Academic journal article Fordham Urban Law Journal

Mother of Atrocities: Pauline Nyiramasuhuko's Role in the Rwandan Genocide

Academic journal article Fordham Urban Law Journal

Mother of Atrocities: Pauline Nyiramasuhuko's Role in the Rwandan Genocide

Article excerpt

In the courtroom she prefers "plain high-necked dresses that show off a gleaming gold crucifix she usually wears." (1) "[H]er appearance in court suggest[s] a school teacher." (2) "With her hair pulled neatly back, her heavy glasses beside her on the table, she looks more like someone's dear great aunt than what she is alleged to be: a high-level organizer of Rwanda's 1994 genocide who authorized the rape and murder of countless men and women." (3)

As Pauline Nyiramasuhuko stands trial before the International Criminal Tribunal for Rwanda (ICTR) (4) for crimes against humanity and genocide, (5) crimes shocking in their depravity, the press seems more fixated on her gender than the significance of her crimes and her prosecution. (6) The press asks: how could a woman, a mother, a female that looks so feminine commit such atrocities? (7) To ask the question is to assume that women are not capable of committing acts of violence and depravity such as rape, mass murder, and genocide. In reality, "[i]t is probably the case that women's peacefulness is as mythical as men's violence." (8) Women throughout history have equaled their male counterparts in their cruelty and in their willingness to plan, orchestrate, and participate in mass atrocities. (9) Women, girls, and mothers also willingly and enthusiastically played important roles in the Rwandan genocide. (10) As a female perpetrator of mass violence, Pauline is not an anomaly.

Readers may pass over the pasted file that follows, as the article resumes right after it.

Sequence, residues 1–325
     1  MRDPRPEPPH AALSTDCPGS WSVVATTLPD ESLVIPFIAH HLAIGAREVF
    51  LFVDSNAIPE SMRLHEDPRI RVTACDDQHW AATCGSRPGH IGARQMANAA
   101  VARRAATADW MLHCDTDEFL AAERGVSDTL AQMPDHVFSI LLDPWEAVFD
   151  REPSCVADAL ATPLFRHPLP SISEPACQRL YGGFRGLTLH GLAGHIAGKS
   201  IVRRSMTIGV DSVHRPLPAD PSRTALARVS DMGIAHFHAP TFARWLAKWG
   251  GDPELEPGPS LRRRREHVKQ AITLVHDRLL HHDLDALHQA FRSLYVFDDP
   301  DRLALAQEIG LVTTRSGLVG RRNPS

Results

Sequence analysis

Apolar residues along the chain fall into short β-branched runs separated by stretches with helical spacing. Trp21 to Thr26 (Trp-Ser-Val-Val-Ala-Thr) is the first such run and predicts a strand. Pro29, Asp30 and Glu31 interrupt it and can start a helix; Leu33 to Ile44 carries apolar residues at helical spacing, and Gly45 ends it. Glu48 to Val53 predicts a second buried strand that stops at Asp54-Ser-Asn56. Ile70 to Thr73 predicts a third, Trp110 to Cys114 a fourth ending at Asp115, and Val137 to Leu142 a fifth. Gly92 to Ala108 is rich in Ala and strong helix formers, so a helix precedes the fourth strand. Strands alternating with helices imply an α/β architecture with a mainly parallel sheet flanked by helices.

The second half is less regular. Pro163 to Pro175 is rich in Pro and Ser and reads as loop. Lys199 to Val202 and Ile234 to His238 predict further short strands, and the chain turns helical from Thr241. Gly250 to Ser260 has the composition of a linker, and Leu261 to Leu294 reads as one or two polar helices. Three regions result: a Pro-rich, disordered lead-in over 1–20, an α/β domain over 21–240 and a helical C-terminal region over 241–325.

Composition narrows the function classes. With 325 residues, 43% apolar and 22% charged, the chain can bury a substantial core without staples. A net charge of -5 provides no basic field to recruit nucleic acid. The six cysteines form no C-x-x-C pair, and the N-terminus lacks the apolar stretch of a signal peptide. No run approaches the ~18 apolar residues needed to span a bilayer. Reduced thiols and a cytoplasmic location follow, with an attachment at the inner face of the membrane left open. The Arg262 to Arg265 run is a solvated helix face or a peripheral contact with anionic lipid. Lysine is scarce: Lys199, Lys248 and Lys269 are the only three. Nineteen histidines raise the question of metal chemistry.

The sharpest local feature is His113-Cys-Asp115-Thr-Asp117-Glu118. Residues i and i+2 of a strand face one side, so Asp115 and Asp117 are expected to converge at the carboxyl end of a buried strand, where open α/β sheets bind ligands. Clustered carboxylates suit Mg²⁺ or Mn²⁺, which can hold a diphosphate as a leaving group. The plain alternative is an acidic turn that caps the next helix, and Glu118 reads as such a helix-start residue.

Those who view Pauline's actions during the genocide as somehow inexplicable because of her gender engage in the stereotypical thinking that perpetuates the special victimization of women. History demonstrates that women suffer especially heinous sexual violence in almost every armed conflict. (11) Women become such targets for many reasons, all connected to their otherness, their difference from the patriarchy that perpetuates the conflict. (12) As one writer noted, "if ... war is the continuation of politics by other means, it has been constructed out of hostility towards the female 'other.'" (13)

The Tutsi women of Rwanda, like women in countless other conflicts, were sexually violated to denigrate Tutsi men or the Tutsi race, to attack their purity, and to serve as a warrior's reward. (14) To successfully carry out a campaign of sexual terror, the perpetrators had to embrace the myth that sees women as merely an extension of the Tutsi man, merely a tool for the troops' pleasure, or merely a vessel of procreation. (15) This myth also sees rape as a defilement of the woman and her family, her man, and often her entire ethnic group. (16) And because of adherence to this myth, crimes specifically targeting women during armed conflict are rarely prosecuted. (17)

Pauline's case challenges the other side of the myth: that women, by their nature, are incapable of being warriors--somehow their roles as women and mothers prohibit them from planning or participating in depraved violence. (18) Pauline's case says more about our continued resistance to view women as equals than it says about her uniqueness among her female peers. Because we continue to view women as less capable than men, as less worthy than men, and as confined to the roles of sexual objects or mothers, women continue to bear the painful scars of sexual violence in times of conflict. Pauline's case will hopefully prove to the world, once again, that women are equally human, even in their capacity for violence. When women begin to be seen as equals, sexual violence against women may lose its purpose. And though we may not live to see that day, we may live to see the day when crimes against women are treated as crimes against humanity, because women are equal participants in humanity.

The ICTR, where Pauline currently sits on trial for her crimes, has made significant progress towards ending impunity for the crimes carried out almost exclusively against Rwandan women. (19) The next step toward ending impunity for crimes of sexual violence during conflict is to demystify the nature of women. …

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